The neighborhood is still full of "creative types"...we just don't go out at night in the 'hood because the nightlife and establishments don't serve our interests anymore--they have more money to make other ways.

Anonymous said...

Someone should turn the old theater on Ave A into a music venue space. Like the Bell House or something. Pleaseeeee!

EV Grieve said...

@ anon 11:02

Thanks for the comment. Can you expound on that a little...? Fewer places that showcase live music/art/poetry etc.?

Anonymous said...

"Someone should turn the old theater on Ave A into a music venue space. Like the Bell House or something. Pleaseeeee!"

That's an excellent idea. I was in there a few years ago and alot of the old fixtures from when it was a theater are still there. It just needs to be rehabilitated. They should keep the old 'Hollywood Theater' name as well. Shit, if I had a few disposable million bucks I'd do it myself. Unfortunately, I have a feeling this place is going condo or upscale rental. Wasn't that the word on the street when the closed the deli up?

EV Grieve said...

@ anon 11:52 and 12:50

The renovation plans seemed a little vague after East Village Farms closed last Feb. 7 (!). The city disapproved the first round of plans to renovate the space, including adding a "dwelling unit" and roof garden on the upper floors. I got the impression it was going to be some McMansion up there with retail on ground floor.

I would like to see it restored back to a theater as well. Not sure what the immediate neighbors would think...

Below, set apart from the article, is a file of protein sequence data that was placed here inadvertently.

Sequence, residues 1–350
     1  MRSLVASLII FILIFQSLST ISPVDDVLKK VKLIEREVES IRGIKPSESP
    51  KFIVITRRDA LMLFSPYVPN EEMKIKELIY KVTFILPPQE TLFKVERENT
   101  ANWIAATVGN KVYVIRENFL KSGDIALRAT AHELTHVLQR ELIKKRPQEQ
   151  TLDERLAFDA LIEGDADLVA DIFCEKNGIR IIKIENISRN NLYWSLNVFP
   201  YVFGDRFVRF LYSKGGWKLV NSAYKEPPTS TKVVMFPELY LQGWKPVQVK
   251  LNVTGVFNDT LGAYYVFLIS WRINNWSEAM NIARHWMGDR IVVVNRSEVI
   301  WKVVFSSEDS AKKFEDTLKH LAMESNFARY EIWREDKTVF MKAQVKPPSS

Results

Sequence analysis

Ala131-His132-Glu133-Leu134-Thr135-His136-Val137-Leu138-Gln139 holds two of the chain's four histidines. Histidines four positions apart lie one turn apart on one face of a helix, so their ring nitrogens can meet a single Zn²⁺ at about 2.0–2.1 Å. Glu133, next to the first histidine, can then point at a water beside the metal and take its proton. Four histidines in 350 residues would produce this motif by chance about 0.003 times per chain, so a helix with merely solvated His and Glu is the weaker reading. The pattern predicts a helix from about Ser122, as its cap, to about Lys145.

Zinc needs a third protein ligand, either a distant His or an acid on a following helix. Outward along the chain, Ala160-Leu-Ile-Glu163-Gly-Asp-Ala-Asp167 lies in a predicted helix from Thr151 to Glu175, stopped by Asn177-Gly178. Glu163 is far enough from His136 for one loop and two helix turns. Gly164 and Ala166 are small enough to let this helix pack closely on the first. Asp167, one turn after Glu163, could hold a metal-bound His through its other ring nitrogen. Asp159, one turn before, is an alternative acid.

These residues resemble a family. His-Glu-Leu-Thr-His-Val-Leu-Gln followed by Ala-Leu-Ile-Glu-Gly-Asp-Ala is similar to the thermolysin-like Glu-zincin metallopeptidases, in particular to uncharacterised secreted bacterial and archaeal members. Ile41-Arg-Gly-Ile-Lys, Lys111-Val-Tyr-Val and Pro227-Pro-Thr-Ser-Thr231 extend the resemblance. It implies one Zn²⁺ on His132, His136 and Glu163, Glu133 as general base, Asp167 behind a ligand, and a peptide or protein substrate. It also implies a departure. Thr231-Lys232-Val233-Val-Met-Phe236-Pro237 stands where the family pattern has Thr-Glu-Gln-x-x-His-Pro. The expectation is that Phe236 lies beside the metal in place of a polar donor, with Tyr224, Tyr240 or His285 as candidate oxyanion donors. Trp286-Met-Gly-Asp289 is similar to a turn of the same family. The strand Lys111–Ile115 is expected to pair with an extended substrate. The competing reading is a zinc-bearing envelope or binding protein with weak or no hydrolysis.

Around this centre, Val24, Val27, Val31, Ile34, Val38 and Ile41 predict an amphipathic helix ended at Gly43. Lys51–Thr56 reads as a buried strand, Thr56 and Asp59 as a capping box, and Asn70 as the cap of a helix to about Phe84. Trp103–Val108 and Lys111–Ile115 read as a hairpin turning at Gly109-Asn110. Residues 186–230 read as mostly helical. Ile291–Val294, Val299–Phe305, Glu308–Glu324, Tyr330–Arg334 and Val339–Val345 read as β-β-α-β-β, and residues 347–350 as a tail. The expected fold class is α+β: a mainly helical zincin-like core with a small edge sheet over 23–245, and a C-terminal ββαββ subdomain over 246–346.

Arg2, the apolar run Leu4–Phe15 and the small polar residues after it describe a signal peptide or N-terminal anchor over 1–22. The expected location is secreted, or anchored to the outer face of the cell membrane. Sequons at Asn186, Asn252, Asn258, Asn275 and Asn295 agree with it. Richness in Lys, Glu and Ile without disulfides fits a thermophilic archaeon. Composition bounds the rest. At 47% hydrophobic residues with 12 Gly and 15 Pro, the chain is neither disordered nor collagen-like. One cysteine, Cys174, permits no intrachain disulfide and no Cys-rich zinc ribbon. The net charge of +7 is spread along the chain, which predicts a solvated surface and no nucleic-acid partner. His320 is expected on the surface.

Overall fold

Anonymous said...

That's the problem unfortunately. A music venue would defintiely have a negative on quality of life for the tenants in the buildings on either side. It would be great for the heighborhood, great for the businesses, but the tenants would suffer. Hell, if I lived next door and it was a live music place I would probably be pulling my hair out, especially if they booked some lame ass-suck ass band. Unless there's a way to ultra sound proof it. Then again would it be a stretch to turn it into a first run movie or indie house? I thnk that could be good for 'hood as well.

~evilsugar25 said...

man! it's been a year since they killed my deli to turn it into a parking spot for homeless people? why don't they let businesses stay open until they get approved plans?

second: every time another cool place closes up (and here we have two) everyone bemoans how the EV is over (it's been over for quite a while imo, but i own my place so i'm a little stuck in a quandry as to what to do)... but my main question that no one can answer is... where did all the cool people and places go?? beyond williamsburg and greenpoint (which have their own hipster douchebag issues), where should i be looking? fort greene? ditmas park? gowanus? where's the new EV, short of Portland OR?

Anonymous said...

RIP NYC.
LA is where it's at now, baby!

Anonymous said...

Agree with anon 2:50 that LA is much cooler now than NYC.